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Mark with vacuum still to the left and traditional copper still to the right

The vacuum still is a fantastically futuristic piece of kit. Reminiscent of school days in science labs, the ability to lower the boiling points of botanicals allow more fragile flavours to be released. It’s only able to process a small amount at any one time, but by doing this to add to the traditional distillation and blending with tinctures gives a whole extra level to the flavour spectrum to play with. Tinctures are a lovely homage to old (a traditional process for medical purposes of using alcohol to extract the flavour of more delicate botanicals such as the tea). Half Hitch are indeed, incredibly experimental and have the set up to facilitate it. I was lucky enough to try a little of the ‘pickled onion monster munch’ variety. The preservation and balance of the flavour was mindblowing from what was in essence a packet of crisps and it had me immediately thinking of all the other flavours there were in the world to play with. Mark explains their ‘ethos is using the right production technique to get the best out of each botanical’ and they are very proud to use high end botanicals too.
(Mark with vacuum still to the left photo credit Boutique Barbar Show).

The gin itself is just wonderful. I love the colouration taken from the tea as this further alludes to the sense of days of dirty faces, smoky clothes and old letters blowing in the streets. There is fantastic complexity to the earl grey type flavour that I can’t help but imagine the Gilbey’s celebrating. Orange is a key garnish to both cocktails and G&T’s as it naturally coaxes out the woody notes and bergamont citrus. If you need some more ideas for drinking then check the cocktails page on their website which has a few twists on old favourites. Bottles can be ordered online direct from the Half Hitch site or from a number of stockists and are even available in prestigious stores such as Selfridges.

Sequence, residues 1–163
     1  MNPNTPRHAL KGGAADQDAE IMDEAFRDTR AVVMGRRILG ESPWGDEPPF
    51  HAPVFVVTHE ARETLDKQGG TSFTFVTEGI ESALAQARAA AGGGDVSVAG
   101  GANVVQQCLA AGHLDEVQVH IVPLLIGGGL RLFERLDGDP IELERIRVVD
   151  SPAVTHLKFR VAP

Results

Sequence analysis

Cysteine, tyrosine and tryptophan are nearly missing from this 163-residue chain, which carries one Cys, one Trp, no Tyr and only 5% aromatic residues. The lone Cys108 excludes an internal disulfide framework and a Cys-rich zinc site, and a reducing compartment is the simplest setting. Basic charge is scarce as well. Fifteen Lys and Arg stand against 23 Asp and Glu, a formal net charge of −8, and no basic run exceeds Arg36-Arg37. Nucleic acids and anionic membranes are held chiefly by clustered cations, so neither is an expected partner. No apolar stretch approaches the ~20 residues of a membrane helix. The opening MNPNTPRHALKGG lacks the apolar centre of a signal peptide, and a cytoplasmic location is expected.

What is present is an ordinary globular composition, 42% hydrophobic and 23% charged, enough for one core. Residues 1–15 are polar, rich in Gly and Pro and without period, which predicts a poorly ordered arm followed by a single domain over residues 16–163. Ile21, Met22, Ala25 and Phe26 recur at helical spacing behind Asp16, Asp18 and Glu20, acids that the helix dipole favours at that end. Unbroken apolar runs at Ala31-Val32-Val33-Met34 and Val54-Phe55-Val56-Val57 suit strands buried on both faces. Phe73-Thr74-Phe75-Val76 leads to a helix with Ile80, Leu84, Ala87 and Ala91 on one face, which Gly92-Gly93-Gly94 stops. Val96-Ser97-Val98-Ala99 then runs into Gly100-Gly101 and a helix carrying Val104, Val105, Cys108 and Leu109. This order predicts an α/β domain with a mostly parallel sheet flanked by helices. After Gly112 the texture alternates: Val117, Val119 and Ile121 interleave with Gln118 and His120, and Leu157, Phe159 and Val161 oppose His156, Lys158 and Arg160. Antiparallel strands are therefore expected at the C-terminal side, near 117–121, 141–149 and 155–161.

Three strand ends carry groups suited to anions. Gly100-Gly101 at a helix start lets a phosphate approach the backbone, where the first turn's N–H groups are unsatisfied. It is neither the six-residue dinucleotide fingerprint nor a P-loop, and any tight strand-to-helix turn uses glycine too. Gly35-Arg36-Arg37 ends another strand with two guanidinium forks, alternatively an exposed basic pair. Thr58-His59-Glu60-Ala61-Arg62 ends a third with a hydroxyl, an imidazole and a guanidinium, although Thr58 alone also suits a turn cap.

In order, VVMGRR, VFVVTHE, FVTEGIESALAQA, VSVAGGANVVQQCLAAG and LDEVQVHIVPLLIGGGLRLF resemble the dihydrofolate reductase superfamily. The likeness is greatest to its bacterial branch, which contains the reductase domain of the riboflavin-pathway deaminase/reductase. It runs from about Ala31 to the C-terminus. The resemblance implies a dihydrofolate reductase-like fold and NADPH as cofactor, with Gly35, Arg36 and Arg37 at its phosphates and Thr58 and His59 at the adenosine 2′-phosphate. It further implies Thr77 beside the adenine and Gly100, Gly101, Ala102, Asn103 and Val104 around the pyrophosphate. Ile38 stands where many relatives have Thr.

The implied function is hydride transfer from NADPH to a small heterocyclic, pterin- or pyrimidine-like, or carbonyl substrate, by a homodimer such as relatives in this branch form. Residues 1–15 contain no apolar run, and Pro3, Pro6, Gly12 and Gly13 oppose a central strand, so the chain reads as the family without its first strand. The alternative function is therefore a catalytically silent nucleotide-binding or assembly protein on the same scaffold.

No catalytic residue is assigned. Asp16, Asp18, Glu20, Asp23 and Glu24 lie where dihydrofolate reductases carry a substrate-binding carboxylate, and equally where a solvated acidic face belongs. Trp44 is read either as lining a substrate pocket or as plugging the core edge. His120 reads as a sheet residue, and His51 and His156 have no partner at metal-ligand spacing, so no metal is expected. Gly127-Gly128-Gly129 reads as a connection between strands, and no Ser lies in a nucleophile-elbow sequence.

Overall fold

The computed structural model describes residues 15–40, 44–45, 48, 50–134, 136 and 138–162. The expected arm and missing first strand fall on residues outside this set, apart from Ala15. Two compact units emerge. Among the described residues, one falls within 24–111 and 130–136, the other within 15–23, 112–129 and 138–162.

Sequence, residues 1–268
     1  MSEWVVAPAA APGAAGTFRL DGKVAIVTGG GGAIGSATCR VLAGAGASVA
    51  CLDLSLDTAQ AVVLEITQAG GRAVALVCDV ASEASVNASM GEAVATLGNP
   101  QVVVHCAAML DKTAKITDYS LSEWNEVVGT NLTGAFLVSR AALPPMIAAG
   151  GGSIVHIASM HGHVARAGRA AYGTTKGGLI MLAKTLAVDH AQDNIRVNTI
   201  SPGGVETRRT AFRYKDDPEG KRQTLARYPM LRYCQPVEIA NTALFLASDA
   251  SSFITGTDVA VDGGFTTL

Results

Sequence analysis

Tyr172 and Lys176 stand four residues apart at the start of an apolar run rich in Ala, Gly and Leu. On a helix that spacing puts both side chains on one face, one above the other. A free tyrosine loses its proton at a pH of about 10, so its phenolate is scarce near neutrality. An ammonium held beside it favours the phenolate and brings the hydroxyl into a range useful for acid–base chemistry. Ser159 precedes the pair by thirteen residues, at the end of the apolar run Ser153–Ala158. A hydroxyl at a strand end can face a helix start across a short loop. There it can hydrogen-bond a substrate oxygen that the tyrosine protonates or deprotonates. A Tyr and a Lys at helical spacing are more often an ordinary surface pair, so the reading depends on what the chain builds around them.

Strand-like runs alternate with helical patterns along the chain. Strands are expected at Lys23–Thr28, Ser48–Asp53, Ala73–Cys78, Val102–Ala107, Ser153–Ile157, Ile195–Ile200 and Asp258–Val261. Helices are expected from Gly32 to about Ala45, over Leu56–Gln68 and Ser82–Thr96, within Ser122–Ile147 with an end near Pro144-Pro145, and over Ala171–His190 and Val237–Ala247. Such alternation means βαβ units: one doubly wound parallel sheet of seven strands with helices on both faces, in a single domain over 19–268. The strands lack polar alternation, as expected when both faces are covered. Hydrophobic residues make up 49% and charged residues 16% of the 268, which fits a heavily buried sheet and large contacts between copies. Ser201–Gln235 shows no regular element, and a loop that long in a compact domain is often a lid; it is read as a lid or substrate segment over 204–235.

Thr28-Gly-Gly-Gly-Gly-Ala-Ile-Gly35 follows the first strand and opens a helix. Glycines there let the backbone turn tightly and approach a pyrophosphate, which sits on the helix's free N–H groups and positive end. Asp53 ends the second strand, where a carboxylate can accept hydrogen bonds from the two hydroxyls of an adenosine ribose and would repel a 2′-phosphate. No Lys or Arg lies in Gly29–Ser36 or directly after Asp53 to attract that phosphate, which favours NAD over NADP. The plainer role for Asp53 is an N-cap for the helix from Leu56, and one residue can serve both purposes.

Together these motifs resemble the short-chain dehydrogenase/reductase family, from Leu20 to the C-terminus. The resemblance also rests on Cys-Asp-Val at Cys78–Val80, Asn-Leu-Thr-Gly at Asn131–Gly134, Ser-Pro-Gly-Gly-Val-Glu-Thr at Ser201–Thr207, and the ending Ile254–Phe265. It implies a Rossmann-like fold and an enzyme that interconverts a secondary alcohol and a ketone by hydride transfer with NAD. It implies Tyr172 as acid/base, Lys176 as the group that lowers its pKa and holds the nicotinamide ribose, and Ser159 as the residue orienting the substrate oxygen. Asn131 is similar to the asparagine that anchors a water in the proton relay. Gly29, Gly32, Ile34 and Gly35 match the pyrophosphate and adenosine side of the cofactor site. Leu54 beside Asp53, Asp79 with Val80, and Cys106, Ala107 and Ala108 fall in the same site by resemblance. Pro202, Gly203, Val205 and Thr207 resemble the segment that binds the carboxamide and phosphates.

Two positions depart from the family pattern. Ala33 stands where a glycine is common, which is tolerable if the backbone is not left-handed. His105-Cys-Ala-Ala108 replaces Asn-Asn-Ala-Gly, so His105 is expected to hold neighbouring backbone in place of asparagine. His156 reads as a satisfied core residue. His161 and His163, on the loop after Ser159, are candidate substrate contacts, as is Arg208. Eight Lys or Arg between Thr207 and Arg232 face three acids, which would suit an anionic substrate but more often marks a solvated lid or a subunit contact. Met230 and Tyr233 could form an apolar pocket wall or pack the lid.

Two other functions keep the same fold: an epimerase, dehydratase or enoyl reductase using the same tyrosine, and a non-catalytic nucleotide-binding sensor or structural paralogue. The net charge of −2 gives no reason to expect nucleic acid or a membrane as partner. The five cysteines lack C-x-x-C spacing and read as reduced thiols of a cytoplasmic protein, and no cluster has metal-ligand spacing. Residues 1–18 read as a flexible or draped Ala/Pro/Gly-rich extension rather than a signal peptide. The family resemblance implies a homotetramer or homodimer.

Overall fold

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Mark first stumbled across the history through his daughter who is educated locally. Further to this he discovered further information from local heritage campaigner Peter Darley, founder of Camden Railway Heritage Trust. Walter and Alfred Gilbey began their enterprise after being discharged from the Crimean War and returning to London. They started with wine, moving to the Camden premises in 1869. Camden was a particularly good location due to the London Birmingham Trunk Railway (built by Robert Stephenson and the first of it’s kind in the world to enter a capital city) and setting up their gin distillery in 1871. During this time the landscaped changed with basins being enlarged and buildings being changed however was fit for purpose. A lot of this can still be seen today and it’s an important part of the local history that is too often missed. (I’ve linked most pages in this article, but further information on the history of W & A Gilbey can be found at various sources, most notably the Gilbey page on Peter’s website, with additional information on  the Gilbeys on a local history page and Camden’s Railway Heritage from the Friends of the National Railway Museum). It’s this history that Mark appreciates and it occurred to him that it had been 50 years since 1964, when the Gilbey industry had moved to Harlow and with that he decided it would be a nice idea to start making gin there again as an ode to its monumental past.